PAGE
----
Falsification Provide Accurate Model Understanding Progress Scientific – No

The idea that falsification is the ultimate test of a scientific hypothesis originated with Karl Popper. In his book “The Logic of Scientific Discovery” (1959), Popper argued that the only scientific theories worthy of the name are those whose supporters are willing to put their beliefs on the line by designating certain experiments or observations that could potentially disprove their pet theories.

In his classic “The Structure of Scientific Revolutions” (1970), Thomas Kuhn criticized Popper’s idea of falsification as naive. Instead, he claimed, scientists normally operate within a common “paradigm,” where they go about business as usual, doing their small part for science by conducting experiments that build on accepted breakthroughs from the past. Kuhn parts ways with Popper when he argues that any theory the scientific community agrees to take seriously, whether or not it’s “falsifiable” in Popper’s sense, is by definition scientific. In Kuhn’s world view, progress happens not through falsification but through the cataclysmic paradigm shifts he labeled “scientific revolutions.”

Enter Imre Lakatos. Not content with either Popper’s falsificationism or Kuhn’s paradigms and revolutions, Lakatos came up with his own model for how science progresses. Lakatos explained how truly vital and progressive scientific research programs could avoid being either shot down by Popper’s falsifiability criterion or becoming decadent and ripe for revolutionary overthrow like one of Kuhn’s paradigms.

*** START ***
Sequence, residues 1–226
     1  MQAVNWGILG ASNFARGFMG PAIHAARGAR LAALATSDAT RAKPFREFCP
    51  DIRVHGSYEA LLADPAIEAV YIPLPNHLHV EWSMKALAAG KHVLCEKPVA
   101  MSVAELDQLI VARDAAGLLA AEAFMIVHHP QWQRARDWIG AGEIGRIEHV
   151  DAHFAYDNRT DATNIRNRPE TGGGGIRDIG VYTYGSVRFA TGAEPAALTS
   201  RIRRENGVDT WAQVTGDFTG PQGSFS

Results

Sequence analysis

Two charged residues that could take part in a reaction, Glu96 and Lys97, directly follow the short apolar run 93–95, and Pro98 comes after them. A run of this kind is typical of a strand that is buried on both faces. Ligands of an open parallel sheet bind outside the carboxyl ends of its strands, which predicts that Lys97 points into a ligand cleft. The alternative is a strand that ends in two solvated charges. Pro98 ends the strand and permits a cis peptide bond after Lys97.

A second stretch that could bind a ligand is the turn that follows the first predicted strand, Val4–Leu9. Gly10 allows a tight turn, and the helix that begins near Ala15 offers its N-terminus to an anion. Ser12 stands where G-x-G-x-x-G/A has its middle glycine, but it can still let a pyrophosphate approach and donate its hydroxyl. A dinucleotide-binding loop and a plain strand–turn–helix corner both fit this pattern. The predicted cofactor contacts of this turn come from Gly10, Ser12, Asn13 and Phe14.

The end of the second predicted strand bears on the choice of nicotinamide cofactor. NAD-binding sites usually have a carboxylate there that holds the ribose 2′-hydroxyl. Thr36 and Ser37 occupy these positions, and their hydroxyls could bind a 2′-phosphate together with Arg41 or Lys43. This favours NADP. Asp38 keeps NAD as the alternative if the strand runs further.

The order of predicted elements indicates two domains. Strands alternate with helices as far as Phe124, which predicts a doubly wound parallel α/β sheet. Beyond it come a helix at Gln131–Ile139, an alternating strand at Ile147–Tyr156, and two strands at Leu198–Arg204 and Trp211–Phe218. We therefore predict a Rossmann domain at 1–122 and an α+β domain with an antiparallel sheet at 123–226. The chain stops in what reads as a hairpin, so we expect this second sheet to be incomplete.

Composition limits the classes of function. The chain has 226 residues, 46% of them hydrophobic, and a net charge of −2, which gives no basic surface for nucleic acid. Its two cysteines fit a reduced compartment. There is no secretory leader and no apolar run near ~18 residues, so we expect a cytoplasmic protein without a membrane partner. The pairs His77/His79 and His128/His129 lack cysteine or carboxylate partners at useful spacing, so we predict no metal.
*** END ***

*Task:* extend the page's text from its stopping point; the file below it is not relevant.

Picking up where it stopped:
Lakatos proposed his alternative to these flawed approached in his “Methodology of Scientific Research Programs” (1978). It consists of a “hard core” of basic, immutable theories; a more malleable “protective belt” of subsidiary hypotheses that soften the impact of contrary observations by adapting so that the program’s core ideas remain intact; and, finally, a “positive heuristic” that supplies instructions for continually adapting, refining, and customizing the subsidiary hypotheses in ways that head off challenges to the core ideas.

According to Lakatos, a scientific research program will be successful only to the extent that it can anticipate and fend off potential attacks to its core beliefs, while at the same time showing that it can predict future phenomena as well as explain the past. Thus, his “Methodology of Scientific Research Programs” provides an important model for understanding how real science can progress without being derailed by the threat of either Popperian falsification, on the one hand, or a Kuhnian revolution, on the other.